Bookmarks Issue: 

Book One of the Long Price Quartet

A-AShadowInSummerThe city of Saraykhet has a distinct economic advantage over its coastal rivals. Its poet, Heshai, has control of an andat ("[an idea] given human shape") that removes the seeds from cotton, making the summer city an important center for the processing and weaving of fabrics. But Seedless, as the andat is known, has little regard for his capricious, aging master. The andat’s thin loyalties are exploited by a rival city, which schemes to make use of his other ability—causing spontaneous abortions—and drive Saraykhet into the ground. This first season (Summer) in Abraham’s projected Long Price Quartet is a notably impressive introduction.
Tor. 336 pages. $24.95. ISBN: 0765313405

Denver Post 4.5 of 5 Stars
"A Shadow in Summer is rich in well-developed, complicated characters. Although the first of a quartet following the different seasons, it stands on its own as one of the best fantasies in years." Fred Cleaver

Emerald City 4 of 5 Stars
"[A] fantasy world in which the author has thought about the economic uses of magic! There are not too many of those around!" Cheryl Morgan 4 of 5 Stars
"Abraham juggles inventive elements that don’t distract from his plot, but expands upon it and creates appreciable tension; Seedless—poetry incarnate—is rendered alien, even when born of and motivated by the most basic of human instincts. In fact, the single thread that transforms the diverse cast into a thematic ensemble is the apparent destination all are trying to reach; albeit by vastly different paths and modes of travel, they all search for what they perceive as freedom." Jay Tomio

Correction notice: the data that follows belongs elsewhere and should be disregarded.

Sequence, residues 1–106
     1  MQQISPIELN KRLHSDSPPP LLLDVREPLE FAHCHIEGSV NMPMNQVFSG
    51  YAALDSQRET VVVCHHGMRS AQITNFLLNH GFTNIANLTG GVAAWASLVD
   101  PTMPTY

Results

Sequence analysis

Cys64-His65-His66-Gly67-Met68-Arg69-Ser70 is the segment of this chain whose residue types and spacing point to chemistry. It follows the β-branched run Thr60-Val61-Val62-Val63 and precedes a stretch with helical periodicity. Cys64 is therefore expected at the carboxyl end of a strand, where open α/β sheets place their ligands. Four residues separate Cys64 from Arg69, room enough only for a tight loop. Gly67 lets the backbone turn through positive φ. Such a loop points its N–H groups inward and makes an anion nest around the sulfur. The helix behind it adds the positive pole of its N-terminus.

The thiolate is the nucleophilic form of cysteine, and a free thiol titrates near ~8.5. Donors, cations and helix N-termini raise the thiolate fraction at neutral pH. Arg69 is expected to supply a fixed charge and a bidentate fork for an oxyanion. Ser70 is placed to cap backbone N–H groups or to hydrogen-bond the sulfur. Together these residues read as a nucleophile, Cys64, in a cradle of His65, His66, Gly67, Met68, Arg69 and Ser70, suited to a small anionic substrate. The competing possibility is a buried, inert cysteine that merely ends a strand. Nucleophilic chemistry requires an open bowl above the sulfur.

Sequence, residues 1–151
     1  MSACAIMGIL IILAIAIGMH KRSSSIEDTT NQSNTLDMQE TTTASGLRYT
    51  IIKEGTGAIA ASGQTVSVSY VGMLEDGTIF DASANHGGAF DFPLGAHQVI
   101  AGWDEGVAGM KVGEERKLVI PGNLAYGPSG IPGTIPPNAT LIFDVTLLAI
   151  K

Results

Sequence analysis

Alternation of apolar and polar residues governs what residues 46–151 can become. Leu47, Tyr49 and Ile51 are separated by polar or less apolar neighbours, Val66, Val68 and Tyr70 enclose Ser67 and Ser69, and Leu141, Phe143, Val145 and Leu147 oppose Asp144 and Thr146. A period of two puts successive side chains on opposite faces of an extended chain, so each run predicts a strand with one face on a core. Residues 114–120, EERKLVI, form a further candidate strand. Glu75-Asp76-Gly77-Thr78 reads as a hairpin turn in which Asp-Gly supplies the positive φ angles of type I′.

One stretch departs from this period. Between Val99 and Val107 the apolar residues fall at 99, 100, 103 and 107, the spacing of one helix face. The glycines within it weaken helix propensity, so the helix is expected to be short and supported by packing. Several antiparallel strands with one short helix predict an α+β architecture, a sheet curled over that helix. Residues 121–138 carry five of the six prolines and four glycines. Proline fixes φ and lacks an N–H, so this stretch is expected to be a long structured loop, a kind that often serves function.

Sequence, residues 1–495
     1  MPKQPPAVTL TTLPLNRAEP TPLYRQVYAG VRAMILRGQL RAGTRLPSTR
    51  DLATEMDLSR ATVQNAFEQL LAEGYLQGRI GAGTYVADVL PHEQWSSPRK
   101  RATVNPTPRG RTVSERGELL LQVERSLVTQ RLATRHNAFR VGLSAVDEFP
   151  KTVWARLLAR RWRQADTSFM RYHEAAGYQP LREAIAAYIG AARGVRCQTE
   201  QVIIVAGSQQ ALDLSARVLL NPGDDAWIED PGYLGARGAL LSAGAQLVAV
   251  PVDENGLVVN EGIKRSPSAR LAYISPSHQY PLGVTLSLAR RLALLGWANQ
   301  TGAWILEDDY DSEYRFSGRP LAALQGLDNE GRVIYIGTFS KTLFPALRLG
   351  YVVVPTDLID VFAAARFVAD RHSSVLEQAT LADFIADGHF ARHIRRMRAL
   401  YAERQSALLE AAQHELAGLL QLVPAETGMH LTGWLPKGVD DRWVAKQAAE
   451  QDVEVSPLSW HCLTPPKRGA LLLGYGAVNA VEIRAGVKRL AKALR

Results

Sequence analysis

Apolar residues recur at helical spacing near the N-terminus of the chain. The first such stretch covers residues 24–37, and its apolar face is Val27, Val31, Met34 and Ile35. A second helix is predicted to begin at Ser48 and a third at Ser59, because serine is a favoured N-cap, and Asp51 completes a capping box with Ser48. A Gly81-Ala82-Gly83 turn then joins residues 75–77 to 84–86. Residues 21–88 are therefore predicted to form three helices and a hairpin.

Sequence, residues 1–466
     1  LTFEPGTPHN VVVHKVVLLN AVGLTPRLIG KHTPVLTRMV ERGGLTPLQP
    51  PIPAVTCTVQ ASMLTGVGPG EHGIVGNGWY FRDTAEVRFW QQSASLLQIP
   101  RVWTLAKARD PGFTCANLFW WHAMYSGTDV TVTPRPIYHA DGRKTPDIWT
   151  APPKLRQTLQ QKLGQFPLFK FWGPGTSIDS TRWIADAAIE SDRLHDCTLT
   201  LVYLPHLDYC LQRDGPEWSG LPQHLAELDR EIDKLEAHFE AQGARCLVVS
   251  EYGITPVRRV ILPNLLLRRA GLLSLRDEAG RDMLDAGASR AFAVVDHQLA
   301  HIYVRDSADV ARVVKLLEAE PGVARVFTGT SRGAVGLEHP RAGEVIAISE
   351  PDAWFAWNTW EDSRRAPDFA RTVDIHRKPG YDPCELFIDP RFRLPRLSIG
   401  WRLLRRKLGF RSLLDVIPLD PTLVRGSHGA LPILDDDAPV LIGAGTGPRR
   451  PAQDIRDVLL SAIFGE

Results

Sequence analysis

Science Fiction Weekly 4 of 5 Stars
"[A Shadow in Summer is] a fine example of high fantasy that, in its presentation of the poet-andat relationship, offers a new and striking take on the age-old question of the power of magic and the responsibilities of the magician. But what is most satisfying about the book is the degree to which it bends the conventions of the genre in interesting ways." F. Brett Cox

Critical Summary

Debut novelist Daniel Abraham bolts out of the gate with an enthusiastic recommendation from SF guru George R. R. Martin. The critics agree with Martin’s appraisal, and reviewers welcome Abraham’s rich characterization, deft plotting, and the particularly ambitious central conceit that ideas can be made flesh—and controlled by poets, no less. Critics nitpick here and there (a communication method that involves posing rather than speaking furrows some eyebrows), but nothing dissuades reviewers from eagerly awaiting the Fall, Winter, and Spring installments. (A Betrayal in Winterwas published in 2007.)